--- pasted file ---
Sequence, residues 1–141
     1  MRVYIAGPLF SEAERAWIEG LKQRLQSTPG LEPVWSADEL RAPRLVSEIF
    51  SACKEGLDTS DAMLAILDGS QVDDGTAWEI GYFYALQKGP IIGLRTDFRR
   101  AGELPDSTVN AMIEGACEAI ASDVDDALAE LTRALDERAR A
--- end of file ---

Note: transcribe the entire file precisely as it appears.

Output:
Sequence, residues 1–141
     1  MRVYIAGPLF SEAERAWIEG LKQRLQSTPG LEPVWSADEL RAPRLVSEIF
    51  SACKEGLDTS DAMLAILDGS QVDDGTAWEI GYFYALQKGP IIGLRTDFRR
   101  AGELPDSTVN AMIEGACEAI ASDVDDALAE LTRALDERAR A